Relationship Guidance for Teens
Be generous. Be fun. Be honest. And be true to yourself.
Posted April 14, 2019
Do you have a teenager in your household? Are you a teenager yourself? As you may have already found out, you don’t learn everything you need to know in middle school health class.
In 2008, Geoffrey Miller and I co-edited a book titled Mating Intelligence: Sex, Relationships, and the Mind’s Reproductive System. Therein, we discussed the idea of an expanded kind of health curriculum. A curriculum that puts sex education in context. Sure, STDs are bad—and pregnancy is a huge deal. But science on the nature of intimate relationships has uncovered so much about the place of sexual activity in the broader domain of human mating. In our book, Geoffrey proposed the idea of expanding the sex education curriculum to connect more coherently with an education regarding the nature of human intimate relationships and mating psychology.
In a landmark study on the psychology of human mating that was conducted across more than 30 cultures around the world, David Buss and his colleagues (1990) documented the values that young adults and teens (college-aged students, in this case) place on various attributes in potential partners. Knowing this information should help teens in thinking about developing relationships.
Mutual Attraction and Love
Across a broad variety of cultures, young adults rated “Mutual Love and Attraction” as the #1 attribute that they care about in a relationship. A simple implication for developing relationships is this: If she doesn’t like you, then you should probably move on. Relationships that are not built on a foundation of mutual appreciation usually don’t do very well.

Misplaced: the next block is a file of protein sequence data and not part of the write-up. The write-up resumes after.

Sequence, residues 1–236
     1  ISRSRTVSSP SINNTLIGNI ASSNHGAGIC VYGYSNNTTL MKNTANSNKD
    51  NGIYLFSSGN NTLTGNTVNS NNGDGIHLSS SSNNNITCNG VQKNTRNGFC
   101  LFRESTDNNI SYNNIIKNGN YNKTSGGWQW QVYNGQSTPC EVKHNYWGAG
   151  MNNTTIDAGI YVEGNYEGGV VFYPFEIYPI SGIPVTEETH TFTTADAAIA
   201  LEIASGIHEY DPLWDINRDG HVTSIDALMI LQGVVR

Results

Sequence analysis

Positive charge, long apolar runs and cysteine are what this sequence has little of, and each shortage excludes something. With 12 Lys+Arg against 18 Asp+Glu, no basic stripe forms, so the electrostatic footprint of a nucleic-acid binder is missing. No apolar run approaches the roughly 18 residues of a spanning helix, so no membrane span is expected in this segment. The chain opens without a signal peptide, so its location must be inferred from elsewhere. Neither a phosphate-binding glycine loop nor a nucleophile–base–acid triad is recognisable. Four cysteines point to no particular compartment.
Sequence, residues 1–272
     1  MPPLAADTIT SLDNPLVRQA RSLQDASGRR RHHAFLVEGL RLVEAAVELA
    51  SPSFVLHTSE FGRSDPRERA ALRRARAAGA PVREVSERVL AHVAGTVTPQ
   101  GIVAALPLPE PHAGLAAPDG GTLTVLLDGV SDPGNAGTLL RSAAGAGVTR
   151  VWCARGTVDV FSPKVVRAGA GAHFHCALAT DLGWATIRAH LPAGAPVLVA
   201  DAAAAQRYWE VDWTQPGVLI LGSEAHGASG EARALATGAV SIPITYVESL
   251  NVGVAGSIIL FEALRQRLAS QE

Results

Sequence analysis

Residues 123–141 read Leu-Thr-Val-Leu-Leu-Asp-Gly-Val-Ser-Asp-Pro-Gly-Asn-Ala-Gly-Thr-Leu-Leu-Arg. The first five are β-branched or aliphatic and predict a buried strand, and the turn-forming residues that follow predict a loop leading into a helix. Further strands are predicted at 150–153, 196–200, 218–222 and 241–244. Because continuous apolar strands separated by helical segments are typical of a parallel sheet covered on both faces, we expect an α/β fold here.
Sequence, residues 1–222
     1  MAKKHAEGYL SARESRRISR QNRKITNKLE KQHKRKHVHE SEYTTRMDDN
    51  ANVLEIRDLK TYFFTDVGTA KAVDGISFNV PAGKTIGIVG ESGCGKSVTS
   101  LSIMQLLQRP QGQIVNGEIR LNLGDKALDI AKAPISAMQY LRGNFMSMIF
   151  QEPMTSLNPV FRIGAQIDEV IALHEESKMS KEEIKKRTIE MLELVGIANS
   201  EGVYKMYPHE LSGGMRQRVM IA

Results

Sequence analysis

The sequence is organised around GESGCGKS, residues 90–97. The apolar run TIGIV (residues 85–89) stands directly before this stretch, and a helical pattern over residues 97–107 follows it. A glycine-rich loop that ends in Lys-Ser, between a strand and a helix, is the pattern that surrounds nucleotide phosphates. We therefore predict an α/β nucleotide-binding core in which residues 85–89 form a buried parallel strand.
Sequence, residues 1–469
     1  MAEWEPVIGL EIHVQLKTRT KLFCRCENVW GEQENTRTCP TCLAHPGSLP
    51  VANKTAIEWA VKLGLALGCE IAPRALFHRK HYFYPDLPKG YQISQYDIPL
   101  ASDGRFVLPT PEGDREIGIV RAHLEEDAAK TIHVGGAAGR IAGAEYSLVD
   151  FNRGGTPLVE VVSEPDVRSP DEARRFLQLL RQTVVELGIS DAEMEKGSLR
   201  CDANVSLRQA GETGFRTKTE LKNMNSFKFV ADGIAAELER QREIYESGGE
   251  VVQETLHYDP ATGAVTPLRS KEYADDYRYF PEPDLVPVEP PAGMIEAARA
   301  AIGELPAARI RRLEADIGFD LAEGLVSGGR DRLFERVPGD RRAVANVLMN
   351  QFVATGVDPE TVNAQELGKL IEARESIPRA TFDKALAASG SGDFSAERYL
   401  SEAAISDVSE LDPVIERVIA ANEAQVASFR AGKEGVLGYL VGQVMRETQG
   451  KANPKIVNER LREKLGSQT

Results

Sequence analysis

Be Dependable and Trustworthy
The #2 attribute that young adults in Buss’ study emphasized pertained to dependability. Not good looks. Not being a tough guy. Not being a bad boy. Nope. Good old dependability. For various reasons, people have a strong preference for others whom they can count on. Others whom they can trust. Related, young adults tend to show a strong preference for the attributes of honesty and humility in partners (see Van Tongeren et al., 2014). Being tagged as a liar is not usually the best way to acquire a mate!
Understanding these facts can go a long way in all kinds of relationships, including intimate relationships.
Emotional Stability and Pleasantness
#3 on the list was “Emotional Stability” and #4 was “Pleasant Disposition.” There are clear implications here. Romantic partners who are highly emotionally unstable, or “neurotic,” are not typically highly sought after (see Nettle & Clegg, 2008), and there are all kinds of good reasons for this. Emotional instability can wreak havoc on relationships and families. So it’s in your interest to not overreact and to be chill! (This is hard to do all the time for anyone, particularly for developing adolescents, sure. But it is also something to think about.)